“You don’t often see — there aren’t that many — you just don’t see overweight figure skaters for a reason,” Gold said Saturday, according to USA Today. “It’s just something I’ve struggled with this whole year and in previous seasons. It’s just difficult when you’re trying to do the difficult triple jumps. It’s something that I am addressing, but it’s obviously not where it should be for this caliber of competition.

“It’s just not what’s required for this sport. It’s a lean body sport, and it’s just not what I have currently.”

Gold fell once in her Skate America short program and twice in her free skate en route to her lowest Grand Prix finish (excluding Grand Prix Finals) since her debut at 2012 Skate Canada.

Gold also finished sixth out of six skaters in her first competition this season, the free-skate-only Japan Open on Oct. 1.

Gold was fourth at the world championships in April, falling from first after the short program. The U.S. champion was still dealing with that “worlds depression” in the summer, even considering skipping the fall Grand Prix season.

Her next scheduled competition is in three weeks at Trophée de France in Paris, which she won last season.

“We just need to adjust my physical shape and mental shape and see if the program can be salvaged for the rest of the year,” Gold said Saturday, according to Icenetwork.com.

Gold’s update on Sunday on Instagram is below.

MORE: Full figure skating season broadcast schedule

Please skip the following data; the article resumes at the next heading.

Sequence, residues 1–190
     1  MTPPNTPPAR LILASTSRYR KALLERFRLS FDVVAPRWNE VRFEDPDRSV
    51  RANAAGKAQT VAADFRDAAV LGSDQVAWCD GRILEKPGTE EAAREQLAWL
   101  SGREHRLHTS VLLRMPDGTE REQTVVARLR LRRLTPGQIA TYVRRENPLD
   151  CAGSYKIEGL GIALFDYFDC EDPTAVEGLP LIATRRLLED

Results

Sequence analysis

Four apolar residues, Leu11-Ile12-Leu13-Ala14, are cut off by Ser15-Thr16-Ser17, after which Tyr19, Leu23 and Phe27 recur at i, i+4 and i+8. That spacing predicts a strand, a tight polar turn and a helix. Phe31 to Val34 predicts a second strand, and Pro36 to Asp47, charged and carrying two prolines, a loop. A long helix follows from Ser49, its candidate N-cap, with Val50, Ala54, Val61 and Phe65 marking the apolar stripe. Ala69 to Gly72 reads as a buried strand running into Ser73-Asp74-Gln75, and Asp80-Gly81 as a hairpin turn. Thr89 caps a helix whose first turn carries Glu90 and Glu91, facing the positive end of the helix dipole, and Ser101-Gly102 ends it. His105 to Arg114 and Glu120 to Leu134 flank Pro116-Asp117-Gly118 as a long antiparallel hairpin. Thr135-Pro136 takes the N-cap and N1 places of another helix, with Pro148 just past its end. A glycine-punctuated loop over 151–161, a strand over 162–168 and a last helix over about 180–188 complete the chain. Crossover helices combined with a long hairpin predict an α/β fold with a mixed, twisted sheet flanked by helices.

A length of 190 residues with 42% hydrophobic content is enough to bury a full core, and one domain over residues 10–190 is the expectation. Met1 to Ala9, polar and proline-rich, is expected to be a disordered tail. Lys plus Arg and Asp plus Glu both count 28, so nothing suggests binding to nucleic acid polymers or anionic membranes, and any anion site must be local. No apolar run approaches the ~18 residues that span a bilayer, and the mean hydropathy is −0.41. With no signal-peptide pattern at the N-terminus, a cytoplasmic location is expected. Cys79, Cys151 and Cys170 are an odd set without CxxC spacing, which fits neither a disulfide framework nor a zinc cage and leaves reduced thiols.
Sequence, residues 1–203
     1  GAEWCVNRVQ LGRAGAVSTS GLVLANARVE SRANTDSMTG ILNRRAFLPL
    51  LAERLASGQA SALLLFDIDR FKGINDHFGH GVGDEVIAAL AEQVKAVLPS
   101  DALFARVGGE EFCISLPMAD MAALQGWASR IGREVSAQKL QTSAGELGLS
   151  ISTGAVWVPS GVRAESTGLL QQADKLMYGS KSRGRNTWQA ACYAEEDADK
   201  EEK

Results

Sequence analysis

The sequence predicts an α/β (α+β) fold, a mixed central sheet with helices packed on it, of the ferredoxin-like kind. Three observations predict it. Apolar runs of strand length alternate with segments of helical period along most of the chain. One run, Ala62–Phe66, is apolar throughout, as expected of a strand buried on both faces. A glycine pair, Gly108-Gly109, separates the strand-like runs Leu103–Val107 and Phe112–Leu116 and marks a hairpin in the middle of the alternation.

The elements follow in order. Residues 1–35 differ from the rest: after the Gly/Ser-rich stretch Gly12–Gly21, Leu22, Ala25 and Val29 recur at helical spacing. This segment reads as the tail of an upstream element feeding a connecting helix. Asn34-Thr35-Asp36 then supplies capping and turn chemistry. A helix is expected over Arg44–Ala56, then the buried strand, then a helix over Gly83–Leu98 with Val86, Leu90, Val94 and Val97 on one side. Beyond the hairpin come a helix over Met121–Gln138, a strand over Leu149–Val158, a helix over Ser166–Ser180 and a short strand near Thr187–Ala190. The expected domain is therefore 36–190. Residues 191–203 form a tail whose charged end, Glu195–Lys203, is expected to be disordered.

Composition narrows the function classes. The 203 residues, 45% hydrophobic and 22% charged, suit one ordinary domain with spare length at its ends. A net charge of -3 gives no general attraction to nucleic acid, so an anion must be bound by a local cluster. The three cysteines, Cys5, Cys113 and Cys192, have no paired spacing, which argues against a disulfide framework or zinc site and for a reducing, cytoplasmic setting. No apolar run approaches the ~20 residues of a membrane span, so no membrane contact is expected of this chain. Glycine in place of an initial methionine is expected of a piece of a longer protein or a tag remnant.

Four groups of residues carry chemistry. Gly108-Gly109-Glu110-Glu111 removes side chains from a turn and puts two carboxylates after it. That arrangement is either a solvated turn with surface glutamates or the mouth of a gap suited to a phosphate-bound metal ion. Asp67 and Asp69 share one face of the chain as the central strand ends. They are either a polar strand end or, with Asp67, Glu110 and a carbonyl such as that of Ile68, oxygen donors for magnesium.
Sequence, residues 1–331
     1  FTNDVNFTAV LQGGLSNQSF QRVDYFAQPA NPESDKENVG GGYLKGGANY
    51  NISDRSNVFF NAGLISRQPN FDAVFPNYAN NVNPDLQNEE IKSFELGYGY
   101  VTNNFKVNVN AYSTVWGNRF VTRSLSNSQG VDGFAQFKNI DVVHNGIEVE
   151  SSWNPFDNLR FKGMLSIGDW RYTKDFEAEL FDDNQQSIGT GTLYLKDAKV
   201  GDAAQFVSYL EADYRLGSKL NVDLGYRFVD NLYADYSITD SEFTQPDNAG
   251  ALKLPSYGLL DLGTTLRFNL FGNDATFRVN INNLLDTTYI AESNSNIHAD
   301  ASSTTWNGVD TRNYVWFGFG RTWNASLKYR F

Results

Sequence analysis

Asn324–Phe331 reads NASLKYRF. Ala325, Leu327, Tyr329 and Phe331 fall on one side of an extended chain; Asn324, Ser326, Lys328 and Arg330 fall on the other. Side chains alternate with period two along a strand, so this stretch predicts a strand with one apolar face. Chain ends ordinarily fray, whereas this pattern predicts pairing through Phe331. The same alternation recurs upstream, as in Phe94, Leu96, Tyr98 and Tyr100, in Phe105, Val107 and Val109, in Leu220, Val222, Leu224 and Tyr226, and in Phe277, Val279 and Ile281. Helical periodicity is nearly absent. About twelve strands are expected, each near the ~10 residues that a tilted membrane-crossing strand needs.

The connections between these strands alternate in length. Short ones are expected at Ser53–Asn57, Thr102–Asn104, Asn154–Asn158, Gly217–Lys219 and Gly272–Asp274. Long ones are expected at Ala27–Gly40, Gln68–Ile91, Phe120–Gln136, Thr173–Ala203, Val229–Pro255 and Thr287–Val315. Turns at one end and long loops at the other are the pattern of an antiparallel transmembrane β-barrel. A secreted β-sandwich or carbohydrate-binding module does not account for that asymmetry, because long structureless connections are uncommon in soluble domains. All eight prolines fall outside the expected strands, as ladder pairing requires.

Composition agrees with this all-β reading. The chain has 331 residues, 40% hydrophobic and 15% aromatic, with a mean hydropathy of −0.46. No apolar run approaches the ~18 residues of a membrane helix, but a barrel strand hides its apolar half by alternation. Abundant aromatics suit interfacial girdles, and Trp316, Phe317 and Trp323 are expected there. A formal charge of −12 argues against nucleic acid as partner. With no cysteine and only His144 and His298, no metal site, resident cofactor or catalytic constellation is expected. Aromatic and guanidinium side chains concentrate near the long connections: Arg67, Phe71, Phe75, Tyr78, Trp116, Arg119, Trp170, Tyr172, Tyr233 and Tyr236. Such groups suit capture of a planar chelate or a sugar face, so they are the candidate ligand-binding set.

To all my fans and friends. Thank you for the concern you have voiced. My comments in the mixed zone were spoken in the heat of emotion. To clarify, I feel that my results this far in the season are a result of my decision to live a more "normal life" this past summer. I traveled and really took time off from being an elite athlete. For a figure skater, there is an ideal body weight for top performance. It's different for each athlete. That doesn't mean scary skinny, but rather a lean, wiry composition. I realize that I am at a healthy weight and I am rapidly regaining the strength and tone I desire. I just started back a little later than I needed to for peak fitness in October. In reading Christine Brennan's story I realize that I came across pretty negatively. In fact, rather than being unhappy with my programs, I think they are the best I've ever had! I remain committed to my sport and quest for World and Olympic success.

A photo posted by Gracie Gold (@graciegold95) on